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Follow the subsea cables to business transformation: An interview with the Lead Advisor of Australia’s fastest telecommunications connection to Asia


Michael Whereat is currently leading the terrestrial build of the SCIBN (Sunshine Coast International Broadband Network). This project, publicly announced in early September 2018, will deliver the first optic fibre international connectivity outside of Sydney by Q1 2020. Since 2013, Michael has led the development of the Sunshine Coast Smart City Framework and has overseen the implementation of the first three-year Smart City Implementation Program. Michael has worked in various roles within Sunshine Coast Council and the former Maroochy and Caloundra Councils from 1999 to the present. Until November 2017, Michael was also President of the Australian Smart Communities Association and the organisation he co-founded as the Broadband Today Alliance in 2011.

Matthew Hanley, Partner at ADAPT talks 1-1 with Michael to discuss; The Sunshine Coast Council’s work around International Connectivity via Submarine Cable, their evolving Smart Cities program and the emerging innovation and entrepreneurial network that is evolving on the Sunshine Coast.

Matthew Hanley:

Today I’m joined from Michael Whereat from the Sunshine Coast. He’s doing a lot of interesting work. He’s been presenting today at the Connected Cloud & DC Edge. Michael, if you want to start by introducing who you are and what you do, and maybe then going into what kind of discussions you’ve been having today.

Michael Whereat:

My name is Michael Whereat, I work for Sunshine Coast Council currently looking after two different distinct areas. I’m Lead Advisor in a technical sense for the submarine cable build that Council’s doing. That’s about the terrestrial cable landing station, the beach manhole, horizontal drilling, and then all of the backhaul connectivity for that project, which is part of a wider one for Council. That’s a key outcome and for the last five years, I’ve been Council’s lead for our Smart Cities program. They both combine together but ultimately two roles at the moment and a lot of challenges with that.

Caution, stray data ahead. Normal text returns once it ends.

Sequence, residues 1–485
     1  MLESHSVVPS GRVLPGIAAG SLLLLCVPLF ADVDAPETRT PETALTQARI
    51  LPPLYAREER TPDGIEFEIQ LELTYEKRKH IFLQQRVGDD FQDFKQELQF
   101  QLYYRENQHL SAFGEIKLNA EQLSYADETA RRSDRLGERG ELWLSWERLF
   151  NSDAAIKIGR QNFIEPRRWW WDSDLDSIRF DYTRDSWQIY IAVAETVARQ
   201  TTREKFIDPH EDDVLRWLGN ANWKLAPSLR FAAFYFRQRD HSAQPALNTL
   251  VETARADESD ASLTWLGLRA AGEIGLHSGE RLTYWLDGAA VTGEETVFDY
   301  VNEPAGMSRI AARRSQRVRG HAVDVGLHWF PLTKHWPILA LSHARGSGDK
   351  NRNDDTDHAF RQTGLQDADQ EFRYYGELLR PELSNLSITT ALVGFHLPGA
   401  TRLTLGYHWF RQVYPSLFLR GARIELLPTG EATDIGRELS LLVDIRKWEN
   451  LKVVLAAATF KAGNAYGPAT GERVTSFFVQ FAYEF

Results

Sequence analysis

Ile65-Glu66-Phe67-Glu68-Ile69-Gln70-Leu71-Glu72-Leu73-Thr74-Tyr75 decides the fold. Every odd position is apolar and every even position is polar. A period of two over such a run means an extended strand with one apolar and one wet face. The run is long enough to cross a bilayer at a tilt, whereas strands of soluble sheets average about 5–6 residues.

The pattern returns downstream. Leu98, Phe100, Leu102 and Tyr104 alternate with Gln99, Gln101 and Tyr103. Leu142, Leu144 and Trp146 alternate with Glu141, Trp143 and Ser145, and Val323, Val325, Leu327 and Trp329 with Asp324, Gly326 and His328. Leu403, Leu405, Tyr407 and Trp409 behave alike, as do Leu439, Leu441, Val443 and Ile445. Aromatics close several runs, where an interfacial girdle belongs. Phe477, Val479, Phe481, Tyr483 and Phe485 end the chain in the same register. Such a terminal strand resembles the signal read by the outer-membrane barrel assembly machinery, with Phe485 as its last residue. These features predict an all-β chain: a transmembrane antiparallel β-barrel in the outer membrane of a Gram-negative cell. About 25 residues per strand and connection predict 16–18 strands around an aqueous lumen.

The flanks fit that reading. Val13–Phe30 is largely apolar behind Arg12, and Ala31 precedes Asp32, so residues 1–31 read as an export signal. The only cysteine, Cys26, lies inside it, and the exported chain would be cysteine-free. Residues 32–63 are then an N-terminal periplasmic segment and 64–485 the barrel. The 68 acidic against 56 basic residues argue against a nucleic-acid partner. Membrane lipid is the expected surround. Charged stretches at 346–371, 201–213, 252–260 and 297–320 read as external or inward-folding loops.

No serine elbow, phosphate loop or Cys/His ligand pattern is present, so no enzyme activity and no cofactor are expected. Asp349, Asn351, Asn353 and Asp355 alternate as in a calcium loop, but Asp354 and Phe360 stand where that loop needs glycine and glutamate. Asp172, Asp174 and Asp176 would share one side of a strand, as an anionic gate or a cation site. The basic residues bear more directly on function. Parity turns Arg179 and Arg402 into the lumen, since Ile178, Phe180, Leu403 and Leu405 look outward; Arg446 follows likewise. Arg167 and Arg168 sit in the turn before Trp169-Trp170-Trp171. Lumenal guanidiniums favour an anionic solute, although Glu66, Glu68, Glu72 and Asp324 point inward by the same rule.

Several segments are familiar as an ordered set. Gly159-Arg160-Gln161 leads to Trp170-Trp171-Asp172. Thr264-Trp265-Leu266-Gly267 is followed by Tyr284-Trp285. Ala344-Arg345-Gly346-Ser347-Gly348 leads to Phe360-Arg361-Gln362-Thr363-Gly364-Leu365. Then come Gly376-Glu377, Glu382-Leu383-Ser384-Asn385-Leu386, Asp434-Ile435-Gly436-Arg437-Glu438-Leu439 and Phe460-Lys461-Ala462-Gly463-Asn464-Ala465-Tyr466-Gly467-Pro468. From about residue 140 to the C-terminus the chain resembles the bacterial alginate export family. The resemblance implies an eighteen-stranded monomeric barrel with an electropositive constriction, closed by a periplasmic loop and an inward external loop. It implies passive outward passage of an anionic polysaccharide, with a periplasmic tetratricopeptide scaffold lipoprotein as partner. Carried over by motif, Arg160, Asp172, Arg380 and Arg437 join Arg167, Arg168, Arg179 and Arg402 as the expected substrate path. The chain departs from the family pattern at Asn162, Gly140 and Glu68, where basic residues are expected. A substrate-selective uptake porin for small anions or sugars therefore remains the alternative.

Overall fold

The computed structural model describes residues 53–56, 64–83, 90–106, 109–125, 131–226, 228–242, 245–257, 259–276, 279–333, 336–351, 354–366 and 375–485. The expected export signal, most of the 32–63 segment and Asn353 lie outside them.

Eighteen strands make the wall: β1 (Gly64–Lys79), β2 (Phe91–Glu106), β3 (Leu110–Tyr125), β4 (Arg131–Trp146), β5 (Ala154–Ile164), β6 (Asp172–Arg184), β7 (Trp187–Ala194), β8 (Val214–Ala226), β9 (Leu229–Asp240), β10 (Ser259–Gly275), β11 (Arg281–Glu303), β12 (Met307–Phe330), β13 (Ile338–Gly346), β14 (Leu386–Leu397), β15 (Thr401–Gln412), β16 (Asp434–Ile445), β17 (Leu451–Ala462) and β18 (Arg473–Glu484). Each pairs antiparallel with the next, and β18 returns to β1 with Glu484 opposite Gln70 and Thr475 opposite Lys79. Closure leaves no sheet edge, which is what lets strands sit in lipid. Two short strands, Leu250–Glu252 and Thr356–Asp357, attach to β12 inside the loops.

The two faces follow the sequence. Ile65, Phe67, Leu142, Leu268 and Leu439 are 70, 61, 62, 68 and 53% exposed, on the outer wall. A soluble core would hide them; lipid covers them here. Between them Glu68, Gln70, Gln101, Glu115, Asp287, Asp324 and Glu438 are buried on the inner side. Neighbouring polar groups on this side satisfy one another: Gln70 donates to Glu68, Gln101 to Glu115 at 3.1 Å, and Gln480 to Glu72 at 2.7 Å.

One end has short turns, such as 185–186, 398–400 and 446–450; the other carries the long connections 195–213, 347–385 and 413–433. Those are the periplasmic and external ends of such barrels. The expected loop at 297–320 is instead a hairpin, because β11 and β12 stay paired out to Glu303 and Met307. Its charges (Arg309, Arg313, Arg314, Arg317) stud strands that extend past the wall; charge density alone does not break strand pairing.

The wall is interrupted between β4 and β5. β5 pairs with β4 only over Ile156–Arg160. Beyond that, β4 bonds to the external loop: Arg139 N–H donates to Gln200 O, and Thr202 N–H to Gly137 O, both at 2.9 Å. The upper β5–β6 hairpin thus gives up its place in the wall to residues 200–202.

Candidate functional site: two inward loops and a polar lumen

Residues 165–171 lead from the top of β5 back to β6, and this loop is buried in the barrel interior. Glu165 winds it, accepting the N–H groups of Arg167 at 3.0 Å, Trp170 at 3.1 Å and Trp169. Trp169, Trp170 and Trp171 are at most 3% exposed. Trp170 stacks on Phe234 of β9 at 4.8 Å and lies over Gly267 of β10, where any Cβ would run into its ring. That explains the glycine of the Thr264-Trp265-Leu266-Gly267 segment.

Matthew Hanley:

You mentioned the subsea cable there which is going to make a big impact on businesses here in Australia. You presented on it this morning. What kind of points did you go into this morning with the technology leaders who were here on the Gold Coast?

Michael Whereat:

Well, when we’re looking at an audience of cloud, edge, data centres and people with an interest in IT and in international connectivity.I was really making the point that first of all, Sunshine Coast Regional Council is making a disruptive challenge to the existing arrangements around international connectivity. We’ve partnered with RTIC, an international firm that’s building from Japan to Guam to Australia, to Sydney, and we’re building a branching unit into the Sunshine Coast. Instead of just having the nine cables coming into Sydney we can now actually start to see an alternative location, providing an alternative space so that we can actually have redundancy and some competition in Australia. And providing that benefit through the Sunshine Coast, Southeast Queensland and the wider Queensland space. So that’s a unique and disruptive thing that Council’s doing because we’re intervening in the marketplace because it wasn’t delivering it for Australia in the first place. We’ll set it up and facilitate it, then step back and allow the market to continue to deliver it into the future.